Finding Success As A Chameleon

The young forward has worked to overcome numerous changes in his playing time, providing necessary aid to the Orange on both sides of the floor in his first season.

In this his inaugural season as a college basketball player, Syracuse Orange freshman forward Jerami Grant has had much asked of him.

When fellow forward, senior James Southerland, was held off the floor for consecutive games, Grant went from playing less than 10 minutes to playing in no less than 27 minutes per game in that six-game span. During two of those contests, Grant never came out once, competing on the court for all 40 minutes.

Since the return of Southerland, Grant has seen his minutes decrease once again.

"It's definitely been a little tough, going from playing 40 minutes to playing six or seven, something like that," Grant shared. "Definitely been tough, but at the same time, I just do whatever it takes for the team to win."

Grant stated at the beginning of the season that he wants to be the team's "energy", and whether he is in two minutes or 30 minutes, he is learning to live by that statement, be it through a dunk, a steal, a block, or any other positive contribution.

Versus the Indiana Hoosiers, Grant's block on junior forward Will Sheehey with under nine minutes to play helped continue the positive flow of the Orange defense.

"I definitely didn't wanna give up any easy baskets, so when I seen [Will] Sheehey cut backdoor, I figured he was gonna...try to reverse it or something like that, and he actually tried to dunk it, but I got there in time," Grant stated.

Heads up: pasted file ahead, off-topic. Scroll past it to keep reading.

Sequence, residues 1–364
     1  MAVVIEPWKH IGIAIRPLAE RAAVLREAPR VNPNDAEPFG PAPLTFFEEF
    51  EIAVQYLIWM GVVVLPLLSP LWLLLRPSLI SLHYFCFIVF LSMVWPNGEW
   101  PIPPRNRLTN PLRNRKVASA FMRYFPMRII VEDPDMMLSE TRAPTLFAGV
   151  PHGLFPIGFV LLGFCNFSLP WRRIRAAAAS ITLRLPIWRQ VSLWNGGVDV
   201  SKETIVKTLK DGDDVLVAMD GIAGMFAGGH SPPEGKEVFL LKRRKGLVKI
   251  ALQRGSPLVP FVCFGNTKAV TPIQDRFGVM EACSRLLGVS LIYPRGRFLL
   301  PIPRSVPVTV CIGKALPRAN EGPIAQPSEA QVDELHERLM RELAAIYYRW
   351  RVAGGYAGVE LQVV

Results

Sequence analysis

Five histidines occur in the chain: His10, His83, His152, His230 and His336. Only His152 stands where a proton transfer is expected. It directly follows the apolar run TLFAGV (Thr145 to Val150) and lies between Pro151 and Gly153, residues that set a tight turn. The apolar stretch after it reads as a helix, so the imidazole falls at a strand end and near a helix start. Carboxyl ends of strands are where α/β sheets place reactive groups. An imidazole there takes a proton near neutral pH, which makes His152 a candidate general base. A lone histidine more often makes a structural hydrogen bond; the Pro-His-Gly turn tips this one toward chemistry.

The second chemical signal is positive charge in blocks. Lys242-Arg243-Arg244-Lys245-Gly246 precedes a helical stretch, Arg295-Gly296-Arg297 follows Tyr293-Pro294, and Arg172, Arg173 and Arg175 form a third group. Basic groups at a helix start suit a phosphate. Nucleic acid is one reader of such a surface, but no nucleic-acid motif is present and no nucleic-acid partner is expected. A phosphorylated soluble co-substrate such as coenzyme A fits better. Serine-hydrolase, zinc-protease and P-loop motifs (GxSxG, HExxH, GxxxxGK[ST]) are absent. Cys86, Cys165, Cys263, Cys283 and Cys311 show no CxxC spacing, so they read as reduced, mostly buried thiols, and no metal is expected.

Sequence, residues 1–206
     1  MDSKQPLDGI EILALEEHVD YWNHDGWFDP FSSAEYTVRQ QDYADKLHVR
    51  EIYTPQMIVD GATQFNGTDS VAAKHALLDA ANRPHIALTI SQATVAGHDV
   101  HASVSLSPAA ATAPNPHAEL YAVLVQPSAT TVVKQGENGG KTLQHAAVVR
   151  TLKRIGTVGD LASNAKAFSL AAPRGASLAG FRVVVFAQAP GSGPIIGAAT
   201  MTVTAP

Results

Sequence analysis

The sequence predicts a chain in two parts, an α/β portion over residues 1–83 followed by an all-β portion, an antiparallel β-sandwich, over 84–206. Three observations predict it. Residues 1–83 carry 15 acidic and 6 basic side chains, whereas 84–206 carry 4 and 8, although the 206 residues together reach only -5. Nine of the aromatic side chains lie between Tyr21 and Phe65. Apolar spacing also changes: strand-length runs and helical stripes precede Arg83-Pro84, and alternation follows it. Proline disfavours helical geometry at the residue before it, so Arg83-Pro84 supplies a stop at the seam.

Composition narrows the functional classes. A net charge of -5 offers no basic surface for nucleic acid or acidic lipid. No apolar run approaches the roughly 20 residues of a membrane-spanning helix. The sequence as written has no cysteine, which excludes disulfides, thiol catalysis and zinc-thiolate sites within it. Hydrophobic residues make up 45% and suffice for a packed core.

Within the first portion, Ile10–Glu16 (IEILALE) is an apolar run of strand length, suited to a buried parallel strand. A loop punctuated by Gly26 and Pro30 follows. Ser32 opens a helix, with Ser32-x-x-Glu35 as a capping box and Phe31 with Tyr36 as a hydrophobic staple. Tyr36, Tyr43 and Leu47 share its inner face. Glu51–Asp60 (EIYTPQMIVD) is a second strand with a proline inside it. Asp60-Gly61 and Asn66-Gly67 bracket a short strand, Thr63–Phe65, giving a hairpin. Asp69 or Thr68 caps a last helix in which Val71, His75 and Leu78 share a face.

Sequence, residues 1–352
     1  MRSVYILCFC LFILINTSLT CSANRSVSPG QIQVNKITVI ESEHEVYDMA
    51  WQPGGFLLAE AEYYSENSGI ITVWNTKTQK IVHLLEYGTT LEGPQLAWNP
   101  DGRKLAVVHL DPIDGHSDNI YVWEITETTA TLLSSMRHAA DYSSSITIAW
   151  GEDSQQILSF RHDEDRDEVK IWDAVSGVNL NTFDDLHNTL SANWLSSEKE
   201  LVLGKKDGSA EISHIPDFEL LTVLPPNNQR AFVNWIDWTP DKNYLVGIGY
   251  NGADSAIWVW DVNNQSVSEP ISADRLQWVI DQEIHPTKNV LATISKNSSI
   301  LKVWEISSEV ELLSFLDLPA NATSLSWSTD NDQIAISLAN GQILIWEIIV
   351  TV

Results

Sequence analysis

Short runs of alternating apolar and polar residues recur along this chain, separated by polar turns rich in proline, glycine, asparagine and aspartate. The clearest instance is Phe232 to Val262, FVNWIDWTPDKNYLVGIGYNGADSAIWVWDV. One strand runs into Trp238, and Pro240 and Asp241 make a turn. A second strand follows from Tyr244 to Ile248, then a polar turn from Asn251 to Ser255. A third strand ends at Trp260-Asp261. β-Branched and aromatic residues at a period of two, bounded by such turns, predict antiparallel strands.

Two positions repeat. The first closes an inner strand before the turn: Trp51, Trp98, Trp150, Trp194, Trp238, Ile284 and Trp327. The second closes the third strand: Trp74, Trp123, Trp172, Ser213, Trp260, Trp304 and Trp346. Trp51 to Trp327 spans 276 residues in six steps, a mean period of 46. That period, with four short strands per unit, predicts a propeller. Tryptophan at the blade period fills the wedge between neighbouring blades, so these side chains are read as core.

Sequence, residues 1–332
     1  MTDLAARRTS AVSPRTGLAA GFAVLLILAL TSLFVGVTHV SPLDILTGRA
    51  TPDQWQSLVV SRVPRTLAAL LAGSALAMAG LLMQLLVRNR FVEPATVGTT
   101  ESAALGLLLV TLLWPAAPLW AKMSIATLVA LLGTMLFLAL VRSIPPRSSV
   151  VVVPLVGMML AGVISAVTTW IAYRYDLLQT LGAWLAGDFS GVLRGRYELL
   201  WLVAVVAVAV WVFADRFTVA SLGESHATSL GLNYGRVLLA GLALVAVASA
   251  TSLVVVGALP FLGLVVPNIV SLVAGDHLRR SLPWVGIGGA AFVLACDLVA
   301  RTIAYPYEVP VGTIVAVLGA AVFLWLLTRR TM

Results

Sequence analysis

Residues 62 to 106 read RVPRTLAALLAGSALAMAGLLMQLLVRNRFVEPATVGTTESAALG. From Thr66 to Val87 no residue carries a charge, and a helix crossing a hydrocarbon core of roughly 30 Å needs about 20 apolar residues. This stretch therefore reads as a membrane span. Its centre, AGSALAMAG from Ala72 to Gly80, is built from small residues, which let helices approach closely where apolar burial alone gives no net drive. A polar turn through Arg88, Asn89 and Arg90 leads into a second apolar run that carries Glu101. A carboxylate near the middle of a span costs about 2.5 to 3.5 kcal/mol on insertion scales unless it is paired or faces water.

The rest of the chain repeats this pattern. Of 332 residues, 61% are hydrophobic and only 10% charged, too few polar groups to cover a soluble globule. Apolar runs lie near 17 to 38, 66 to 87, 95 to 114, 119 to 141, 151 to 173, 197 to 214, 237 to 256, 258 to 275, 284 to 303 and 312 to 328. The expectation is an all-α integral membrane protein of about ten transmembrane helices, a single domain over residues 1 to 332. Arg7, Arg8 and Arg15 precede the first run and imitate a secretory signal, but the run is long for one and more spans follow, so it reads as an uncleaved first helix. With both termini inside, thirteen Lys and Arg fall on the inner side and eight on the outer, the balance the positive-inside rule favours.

The young forward added three rebounds defensively, as well, all of which led to scores, with six points coming off of his play on the defensive glass.

On the offensive end, Grant got himself to the free throw line, making both, and illustrated his healthy relationship with the man who has gained some of his minutes, Southerland, when the duo teamed up for Grant's slam.

"I definitely just wanted to come out and be aggressive on the offensive end and the defensive end, and just do whatever it takes to help the seniors go out with a blast," said Grant.

He and the Orange are succeeding so far in that, defeating the top-seeded Hoosiers to head to the Elite Eight for the second season in a row.

"It means a lot, just beating probably [who] most people say is the best team in the country," Grant expressed on himself experiencing what it is like to beat a talented team like Indiana so early in his collegiate career. "They've been number one for more than everybody else this year, so definitely means a lot beating them in the NCAA Tournament where it really counts."

Shifting his focus to Syracuse's next opponent, the Marquette Golden Eagles, Grant offered, "They definitely bring a sense of toughness. They're one of the toughest teams in the Big East to play. They're real strong down low. We just gotta look to stop [Davante] Gardner on the post." Gardner had 26 in the Golden Eagles 74-71 win over the Orange back on February 25th, a career single-game high well above his season average of a little over 11 points per game.

Though Syracuse has found success with their own zone, their opponents have also fared well when instituting their own zone against Syracuse, one of those teams being Marquette.

With the potential of seeing zone again from the Golden Eagles, Grant offered his take on whether or not he believes the Orange are better prepared for it the second time around. "Definitely," he stated. "We already played 'em once. We know their tendencies and things like that, so we'll definitely go over it in practice."

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